Budigalimab, a monoclonal antibody that blocks PD-1, delayed viral rebound or maintained a low viral load in a majority of people with HIV who interrupted antiretroviral treatment, according to results from a small pilot study presented at the European AIDS Conference (EACS 2023) in Warsaw. While these findings are still early, they add further evidence that PD-1 inhibitors might be used as part of a combination strategy for a functional cure.
PD-1 (“programmed death 1”) is an immune checkpoint receptor on exhausted immune cells. Normally, it suppresses T-cell activity, preventing the immune system from attacking the body’s own tissues (autoimmunity), but some tumors can hijack PD-1 to turn off immune responses against malignant cells. Likewise, people with chronic HIV infection typically have upregulated PD-1 expression and dampened T-cell responses.
Checkpoint inhibitors that block PD-1 can release the brakes and restore T-cell activity. PD-1 inhibitors—monoclonal antibodies such as Keytruda (pembrolizumab) and Opdivo (nivolumab)—are now widely used as cancer immunotherapy. In theory, Routy explained, PD-1 inhibitors could potentially reverse T-cell exhaustion and restore function in people with HIV, and they might also act as a latency reversal agent to push virus out of cells.
Budigalimab (ABBV-181), an investigational PD-1 inhibitor from AbbVie, is being explored as an approach for achieving durable control of HIV without antiretroviral therapy (ART), also known as remission or a functional cure. Jean-Pierre Routy, MD, of McGill University Health Centre in Montreal, presented findings from the first two Phase I randomized trials of budigalimab for people living with HIV, conducted in the United States and Canada.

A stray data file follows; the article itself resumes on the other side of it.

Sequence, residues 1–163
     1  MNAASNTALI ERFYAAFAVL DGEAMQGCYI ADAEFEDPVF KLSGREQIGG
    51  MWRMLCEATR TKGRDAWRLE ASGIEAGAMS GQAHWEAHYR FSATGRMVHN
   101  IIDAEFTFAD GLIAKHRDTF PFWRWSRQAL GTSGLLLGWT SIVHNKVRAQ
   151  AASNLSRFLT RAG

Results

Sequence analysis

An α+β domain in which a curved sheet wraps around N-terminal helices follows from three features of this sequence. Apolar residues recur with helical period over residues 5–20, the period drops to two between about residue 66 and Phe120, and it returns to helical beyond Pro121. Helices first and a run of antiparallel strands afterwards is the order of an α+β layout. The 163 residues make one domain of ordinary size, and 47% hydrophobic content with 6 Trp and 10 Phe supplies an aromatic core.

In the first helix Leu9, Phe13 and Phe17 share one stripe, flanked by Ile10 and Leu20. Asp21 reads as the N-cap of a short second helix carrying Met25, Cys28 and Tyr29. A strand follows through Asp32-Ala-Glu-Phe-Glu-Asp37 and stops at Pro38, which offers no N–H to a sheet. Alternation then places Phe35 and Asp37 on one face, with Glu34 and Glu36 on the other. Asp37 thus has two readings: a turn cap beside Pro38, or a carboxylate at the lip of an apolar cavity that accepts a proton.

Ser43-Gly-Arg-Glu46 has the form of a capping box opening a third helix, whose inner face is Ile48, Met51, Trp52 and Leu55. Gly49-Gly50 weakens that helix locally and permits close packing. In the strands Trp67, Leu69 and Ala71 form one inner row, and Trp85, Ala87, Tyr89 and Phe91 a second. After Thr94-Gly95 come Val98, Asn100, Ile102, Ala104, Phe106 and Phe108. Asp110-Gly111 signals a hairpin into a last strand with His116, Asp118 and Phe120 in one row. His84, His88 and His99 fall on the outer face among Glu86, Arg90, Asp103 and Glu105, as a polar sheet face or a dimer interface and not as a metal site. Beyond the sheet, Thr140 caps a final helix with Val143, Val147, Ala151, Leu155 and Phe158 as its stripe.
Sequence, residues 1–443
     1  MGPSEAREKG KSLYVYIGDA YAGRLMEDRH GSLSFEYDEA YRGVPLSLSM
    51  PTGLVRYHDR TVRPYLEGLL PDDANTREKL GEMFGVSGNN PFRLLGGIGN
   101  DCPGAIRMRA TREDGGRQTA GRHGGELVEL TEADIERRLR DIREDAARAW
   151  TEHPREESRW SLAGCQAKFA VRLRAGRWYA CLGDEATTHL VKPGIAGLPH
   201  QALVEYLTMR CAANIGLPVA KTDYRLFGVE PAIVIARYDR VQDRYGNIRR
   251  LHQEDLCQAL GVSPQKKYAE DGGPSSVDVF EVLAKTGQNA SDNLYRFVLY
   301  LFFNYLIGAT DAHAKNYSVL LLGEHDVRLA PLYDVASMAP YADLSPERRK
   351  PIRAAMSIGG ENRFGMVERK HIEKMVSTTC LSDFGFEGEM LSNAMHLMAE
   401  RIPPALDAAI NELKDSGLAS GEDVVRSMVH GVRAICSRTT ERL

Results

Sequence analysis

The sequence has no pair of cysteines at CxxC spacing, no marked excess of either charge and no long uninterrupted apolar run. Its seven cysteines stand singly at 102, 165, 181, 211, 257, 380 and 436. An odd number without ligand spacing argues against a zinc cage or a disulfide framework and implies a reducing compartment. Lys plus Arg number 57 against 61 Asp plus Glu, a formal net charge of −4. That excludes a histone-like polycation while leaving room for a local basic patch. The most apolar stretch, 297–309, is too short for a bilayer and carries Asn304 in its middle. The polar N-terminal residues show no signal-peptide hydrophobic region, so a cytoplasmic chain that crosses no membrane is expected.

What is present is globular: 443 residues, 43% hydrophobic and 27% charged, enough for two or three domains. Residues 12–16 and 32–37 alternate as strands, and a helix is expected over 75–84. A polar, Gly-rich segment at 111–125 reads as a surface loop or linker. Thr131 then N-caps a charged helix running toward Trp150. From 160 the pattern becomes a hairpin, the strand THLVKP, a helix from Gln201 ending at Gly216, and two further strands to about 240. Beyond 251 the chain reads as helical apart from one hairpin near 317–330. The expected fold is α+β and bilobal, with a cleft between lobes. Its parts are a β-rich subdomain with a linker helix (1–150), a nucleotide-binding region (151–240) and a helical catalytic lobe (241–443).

So far, studies of budigalimab dosed at 250 or 500 milligrams every two or four weeks for cancer treatment have demonstrated safety and efficacy similar to that of approved PD-1 checkpoint inhibitors. But the doses used in the HIV trials are 50 to 100 times lower, Routy noted. In addition, the HIV treatment is finite, whereas cancer immunotherapy typically continues for multiple cycles or until disease progression or unacceptable side effects occur.
The first study, known as M19-972 (NCT04799353), evaluated the safety and pharmacokinetics of a single IV infusion (10 mg) or subcutaneous injection (10 to 20 mg) of budigalimab in 32 people on suppressive ART, with no treatment interruption.
The second study, known as M19-939 (NCT04223804), included a carefully monitored analytical treatment interruption. This study enrolled 41 people on suppressive ART. All but one were men, most were white and nearly half were Latino. The median age was approximately 45 years, they had been living with HIV for about 10 years and they had maintained viral suppression on ART for nearly as long. CD4 counts were high, in the 600 to 900 range. All had typical chronic HIV infection, and none were elite controllers.
In the first stage of the study, 20 participants received two doses of 2 mg or 10 mg budigalimab administered via IV infusion four weeks apart, while five people received a placebo. They stayed on their antiretrovirals for four weeks and were scheduled to stop ART when they received their second dose of budigalimab or a placebo, but two people opted out of the interruption.
In the second stage, 11 people received four doses of 10 mg budigalimab spaced two weeks apart, while five received a placebo. They all stopped ART at the time of their first budigalimab or placebo dose. This group was the focus of the exploratory efficacy analysis.
The study protocol called for participants to restart ART if their viral load reached 1,000 or higher for four weeks, their CD4 count fell below 350 or declined more than 30% from baseline, they experienced HIV-associated symptoms or they became pregnant. The participants or investigators could also decide to restart antiretrovirals at any time.
In both studies combined, budigalimab was generally safe and well tolerated. Overall, about one third of participants experienced treatment-related adverse events, with a slightly higher frequency in the budigalimab groups versus the placebo groups, Routy reported. Three budigalimab recipients experienced mild to moderate reversible immune-mediated side effects (two cases of thyroiditis and one skin reaction), which can occur when immune responses unleashed by checkpoint inhibitors lead to excessive inflammation. There were no serious or severe treatment-related adverse events in any group.